The tax is part of a plan for a 10-year infrastructure fund and Sen. Paul Sarlo (D-N.J.), who sponsored the legislation, said that it would call on “out-of-state travelers” to foot more of the infrastructure bill in New Jersey beyond just airports.
One hurdle facing the new tax is that the FAA has very specific rules limiting how revenue from a state aviation fuel tax can be spent.
When asked about the FAA requirements on fuel tax revenue, Sarlo said, “This is news to me.”
Sean Collins, AOPA's Eastern regional manager, said the tax would hurt local airports and fixed-base operators and encourage pilots to seek out lower fuel costs in neighboring states. “General aviation contributes 16,200 jobs and more than $1 billion to New Jersey’s economy, and this legislation will move a significant amount of that business elsewhere, especially considering a majority of New Jersey GA aircraft are within 30 minutes of an airport in a neighboring state,” said Collins.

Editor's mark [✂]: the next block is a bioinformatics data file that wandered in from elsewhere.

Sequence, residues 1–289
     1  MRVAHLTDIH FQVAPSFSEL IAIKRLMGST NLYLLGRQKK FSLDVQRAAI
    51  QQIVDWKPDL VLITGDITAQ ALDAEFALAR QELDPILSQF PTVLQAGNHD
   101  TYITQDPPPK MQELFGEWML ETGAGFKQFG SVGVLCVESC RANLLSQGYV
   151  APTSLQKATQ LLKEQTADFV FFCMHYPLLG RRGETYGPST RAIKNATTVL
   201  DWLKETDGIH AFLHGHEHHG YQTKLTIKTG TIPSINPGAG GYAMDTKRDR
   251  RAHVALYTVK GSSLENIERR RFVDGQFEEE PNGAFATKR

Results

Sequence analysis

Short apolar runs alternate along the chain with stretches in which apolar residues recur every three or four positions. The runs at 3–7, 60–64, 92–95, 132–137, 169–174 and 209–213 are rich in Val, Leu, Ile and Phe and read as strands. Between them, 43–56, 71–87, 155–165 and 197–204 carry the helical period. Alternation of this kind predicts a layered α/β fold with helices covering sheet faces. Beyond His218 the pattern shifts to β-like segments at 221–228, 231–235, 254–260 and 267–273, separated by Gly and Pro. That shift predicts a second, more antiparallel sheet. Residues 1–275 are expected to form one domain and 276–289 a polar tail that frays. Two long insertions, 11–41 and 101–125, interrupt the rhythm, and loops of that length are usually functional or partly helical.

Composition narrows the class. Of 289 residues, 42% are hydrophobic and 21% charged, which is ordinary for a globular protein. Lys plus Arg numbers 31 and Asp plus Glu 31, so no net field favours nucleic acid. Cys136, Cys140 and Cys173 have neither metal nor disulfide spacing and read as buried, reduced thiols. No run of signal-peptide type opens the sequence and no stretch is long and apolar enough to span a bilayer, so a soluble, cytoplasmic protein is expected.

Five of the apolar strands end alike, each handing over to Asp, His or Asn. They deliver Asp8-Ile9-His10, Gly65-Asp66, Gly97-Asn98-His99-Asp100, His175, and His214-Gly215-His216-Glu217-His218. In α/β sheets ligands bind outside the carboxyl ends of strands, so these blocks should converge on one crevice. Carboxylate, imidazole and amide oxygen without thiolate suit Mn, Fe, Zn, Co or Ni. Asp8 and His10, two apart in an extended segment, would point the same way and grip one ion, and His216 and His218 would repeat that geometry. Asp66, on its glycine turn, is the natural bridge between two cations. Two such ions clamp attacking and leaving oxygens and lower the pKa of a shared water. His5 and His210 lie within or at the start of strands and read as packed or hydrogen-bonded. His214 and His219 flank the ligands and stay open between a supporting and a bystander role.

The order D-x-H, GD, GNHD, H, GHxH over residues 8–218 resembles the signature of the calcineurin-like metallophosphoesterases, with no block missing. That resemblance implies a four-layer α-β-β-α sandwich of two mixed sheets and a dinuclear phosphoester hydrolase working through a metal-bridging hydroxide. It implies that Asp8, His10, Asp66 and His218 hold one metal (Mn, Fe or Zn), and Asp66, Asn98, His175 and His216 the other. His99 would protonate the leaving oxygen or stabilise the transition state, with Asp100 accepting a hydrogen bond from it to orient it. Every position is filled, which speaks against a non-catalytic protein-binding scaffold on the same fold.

AOPA has asked New Jersey members to contact their representatives to oppose the tax increase.
UPS, which has recently expanded its presence in New Jersey, wrote a letter to New Jersey lawmakers urging caution: "UPS looks very closely at state aviation fuel tax rates given the large percentage fuel plays in our expenses. Heavy tax increases like the one proposed on jet fuel could be detrimental to that future growth."
Airlines for America, which represents various scheduled aviation groups, issued a statement calling the legislation “stunningly shortsighted.”